Cleantech Down and Dirty (Part One)


(Page 2 of 2)

setting up the next Facebook—more money, more time, and more headaches. Basically, a good branding plan will only go so far.

The other thing that is going to bite the VC community on their chino-clad behinds with cleantech is the regulatory environment. VCs just don’t get Washington at all. The culture in DC is so foreign to the tech community that it may never be bridged. That town isn’t built on best of breed, but on real relationships—and not just with a Senator or two, but on committees, at the agency level, in the White House, and with non-profits and other key stakeholders, the whole ecosystem.

Building off the regulatory/public policy space, the reason government is key is because a simple change in regulation or interpretation of a regulation can change the landscape drastically for what wins in cleantech. Forget a carbon tax—never going to happen. Instead, think of a tiny tweak in one biofuel formulation that is mandated and helps only a few companies while wiping out others.

It’s as easy as pie to make happen if you know how. Also consider that taking a cleantech technology from lab to pilot plant to full scale production costs BIG MONEY—and the government can be a key partner or sit back and watch an industry that doesn’t play ball drown.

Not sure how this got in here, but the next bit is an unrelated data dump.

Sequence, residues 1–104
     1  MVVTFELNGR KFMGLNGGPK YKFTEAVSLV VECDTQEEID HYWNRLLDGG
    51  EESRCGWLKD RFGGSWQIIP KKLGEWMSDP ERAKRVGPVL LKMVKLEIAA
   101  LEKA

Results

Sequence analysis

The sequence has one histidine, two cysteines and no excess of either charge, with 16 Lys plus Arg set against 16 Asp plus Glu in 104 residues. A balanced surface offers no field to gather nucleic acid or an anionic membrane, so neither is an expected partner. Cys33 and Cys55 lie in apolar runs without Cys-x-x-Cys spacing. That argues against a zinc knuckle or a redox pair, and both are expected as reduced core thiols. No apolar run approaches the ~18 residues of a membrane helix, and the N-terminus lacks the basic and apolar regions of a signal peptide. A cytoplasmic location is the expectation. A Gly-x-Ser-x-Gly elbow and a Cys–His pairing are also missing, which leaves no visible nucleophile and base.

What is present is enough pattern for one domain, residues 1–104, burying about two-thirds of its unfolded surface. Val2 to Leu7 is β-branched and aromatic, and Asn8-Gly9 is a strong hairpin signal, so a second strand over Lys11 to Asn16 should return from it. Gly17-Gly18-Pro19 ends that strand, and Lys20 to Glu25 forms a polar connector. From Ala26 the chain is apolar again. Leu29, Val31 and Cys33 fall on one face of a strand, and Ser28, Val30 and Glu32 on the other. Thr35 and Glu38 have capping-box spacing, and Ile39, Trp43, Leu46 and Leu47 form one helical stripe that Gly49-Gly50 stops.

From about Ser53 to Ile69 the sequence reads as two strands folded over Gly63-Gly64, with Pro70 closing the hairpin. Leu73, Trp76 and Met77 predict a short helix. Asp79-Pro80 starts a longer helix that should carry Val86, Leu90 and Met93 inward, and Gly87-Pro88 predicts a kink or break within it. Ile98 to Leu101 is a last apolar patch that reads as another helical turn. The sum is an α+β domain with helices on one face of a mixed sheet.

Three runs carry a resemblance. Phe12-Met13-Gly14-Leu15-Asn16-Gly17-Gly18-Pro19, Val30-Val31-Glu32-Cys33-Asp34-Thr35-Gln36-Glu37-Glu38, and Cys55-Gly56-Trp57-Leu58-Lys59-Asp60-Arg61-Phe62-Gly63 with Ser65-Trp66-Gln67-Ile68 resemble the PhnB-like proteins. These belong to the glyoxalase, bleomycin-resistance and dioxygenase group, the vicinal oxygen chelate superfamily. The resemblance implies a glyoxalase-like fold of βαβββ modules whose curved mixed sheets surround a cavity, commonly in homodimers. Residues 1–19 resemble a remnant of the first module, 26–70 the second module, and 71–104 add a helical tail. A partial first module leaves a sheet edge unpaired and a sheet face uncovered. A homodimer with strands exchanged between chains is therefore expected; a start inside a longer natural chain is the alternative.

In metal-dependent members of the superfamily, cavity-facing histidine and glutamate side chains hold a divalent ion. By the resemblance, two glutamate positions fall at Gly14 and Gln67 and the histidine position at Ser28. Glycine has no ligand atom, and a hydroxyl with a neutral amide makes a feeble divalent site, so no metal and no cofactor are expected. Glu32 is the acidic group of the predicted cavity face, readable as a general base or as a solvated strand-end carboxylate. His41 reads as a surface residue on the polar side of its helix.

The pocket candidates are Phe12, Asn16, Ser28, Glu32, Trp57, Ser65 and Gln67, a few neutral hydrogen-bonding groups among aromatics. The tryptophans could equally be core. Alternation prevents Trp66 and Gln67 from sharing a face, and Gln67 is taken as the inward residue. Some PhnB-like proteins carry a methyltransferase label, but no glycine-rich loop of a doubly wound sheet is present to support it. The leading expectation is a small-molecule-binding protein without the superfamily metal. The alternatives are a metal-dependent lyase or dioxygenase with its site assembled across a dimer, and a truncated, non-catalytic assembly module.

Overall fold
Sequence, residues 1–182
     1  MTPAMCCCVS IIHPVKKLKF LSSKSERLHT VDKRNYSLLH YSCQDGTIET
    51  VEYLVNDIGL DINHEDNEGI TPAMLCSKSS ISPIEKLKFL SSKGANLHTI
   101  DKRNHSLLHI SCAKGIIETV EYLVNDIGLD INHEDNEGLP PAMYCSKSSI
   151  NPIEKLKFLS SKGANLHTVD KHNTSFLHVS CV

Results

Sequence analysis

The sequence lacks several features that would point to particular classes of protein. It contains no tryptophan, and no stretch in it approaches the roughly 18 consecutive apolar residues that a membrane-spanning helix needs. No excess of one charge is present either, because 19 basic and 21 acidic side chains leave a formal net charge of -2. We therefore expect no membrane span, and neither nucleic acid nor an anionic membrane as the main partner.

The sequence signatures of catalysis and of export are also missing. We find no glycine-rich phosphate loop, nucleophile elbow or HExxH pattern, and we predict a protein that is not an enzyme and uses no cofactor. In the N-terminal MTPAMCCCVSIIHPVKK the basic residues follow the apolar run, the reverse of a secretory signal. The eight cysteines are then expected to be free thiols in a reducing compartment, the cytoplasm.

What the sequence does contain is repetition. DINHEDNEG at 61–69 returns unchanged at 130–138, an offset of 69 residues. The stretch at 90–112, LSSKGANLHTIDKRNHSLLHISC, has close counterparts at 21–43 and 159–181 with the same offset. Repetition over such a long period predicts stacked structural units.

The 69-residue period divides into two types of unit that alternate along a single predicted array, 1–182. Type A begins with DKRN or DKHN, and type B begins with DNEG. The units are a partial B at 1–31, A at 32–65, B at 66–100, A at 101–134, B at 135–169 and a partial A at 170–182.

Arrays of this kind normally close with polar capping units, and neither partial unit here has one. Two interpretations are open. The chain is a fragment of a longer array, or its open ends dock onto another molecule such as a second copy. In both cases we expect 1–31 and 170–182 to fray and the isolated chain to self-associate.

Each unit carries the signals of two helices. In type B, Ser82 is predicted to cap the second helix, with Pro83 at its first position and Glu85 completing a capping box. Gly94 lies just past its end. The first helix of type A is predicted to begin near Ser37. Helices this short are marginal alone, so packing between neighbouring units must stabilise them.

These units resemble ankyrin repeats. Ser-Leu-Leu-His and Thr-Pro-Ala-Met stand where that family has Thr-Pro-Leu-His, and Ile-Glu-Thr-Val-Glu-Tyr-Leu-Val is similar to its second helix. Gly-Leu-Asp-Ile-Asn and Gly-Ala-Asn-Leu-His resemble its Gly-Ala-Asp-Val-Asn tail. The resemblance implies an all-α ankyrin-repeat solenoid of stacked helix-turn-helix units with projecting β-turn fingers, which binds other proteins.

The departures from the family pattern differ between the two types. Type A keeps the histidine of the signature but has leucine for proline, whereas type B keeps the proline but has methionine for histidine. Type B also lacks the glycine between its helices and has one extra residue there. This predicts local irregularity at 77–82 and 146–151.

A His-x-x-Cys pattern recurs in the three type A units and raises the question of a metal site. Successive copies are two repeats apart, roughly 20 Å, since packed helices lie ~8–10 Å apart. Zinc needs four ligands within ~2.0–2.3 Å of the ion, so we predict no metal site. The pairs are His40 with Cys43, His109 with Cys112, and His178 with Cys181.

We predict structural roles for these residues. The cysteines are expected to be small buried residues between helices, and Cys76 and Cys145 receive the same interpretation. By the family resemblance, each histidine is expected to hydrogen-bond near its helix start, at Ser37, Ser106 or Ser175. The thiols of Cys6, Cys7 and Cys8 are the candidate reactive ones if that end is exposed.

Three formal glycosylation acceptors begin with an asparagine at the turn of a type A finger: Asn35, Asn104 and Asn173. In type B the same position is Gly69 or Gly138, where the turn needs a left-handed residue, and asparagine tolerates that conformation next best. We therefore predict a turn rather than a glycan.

I can say unequivocally that no VC has “it” on Capitol Hill. I spent six years as an appointee in DC, and I can also tell you that nothing makes a political fundraiser smile more than when someone with a Sand Hill Road address breezes into town—sans tie—writing checks and being too stupid to know what to ask for when it comes to a political favor. They let them shake hands and beg an officeholder for an oblique favor, and feel superior about themselves over a rubber chicken dinner. What they get is a photo for the office wall and a $2,300 (the maximum campaign contribution allowed) debit on their checking account.

And don’t go thinking Kleiner “has it” because they hired Al Gore. Anyone who knows the realities of Capitol Hill can tell you that—you are either “in” or you are “out.” Nobels and Oscars don’t make you “in” in Washington.

And lastly, lets cut to the chase on why the VCs are not going to really make a splash in the cleantech space—money. M-O-N-E-Y. A huge VC firm is sitting on maybe $1billion in funds. A tiny hedge fund is sitting on a $1.5 billion fund. And don’t think they and the greater private equity world don’t know it. And don’t think for a second they won’t slam down VCs so badly in the later stages of deals that they won’t erase them the way venture capitalists have erased angel investors. VCs aren’t even in the same ballgame as the boys in Greenwich. And the only way for them to get a semblance of a pimp hand to negotiate is via IPOs—and I dare you to find me all those cleantech IPOs.

So where does that leave VCs in the cleantech game? Likely nabbing a lot of headlines, drinking organic Merlot at sustainability conferences, and sitting in the middle of a very dangerous and expensive minefield that they have little chance of successfully negotiating.

Next time, folks, we’ll look at the areas in cleantech that are being over-invested or wrongly invested in.

Single PageCurrently on Page: 1 2 previous page

Mark just helped found a Somerville-based stealth cleantech start-up which recently spun out of Harvard. He is a veteran technology entrepreneur and the former managing director and co-founder of Bang Ventures, an investment firm based in New York with offices which focused on early stage technology investments. Follow @

Trending on Xconomy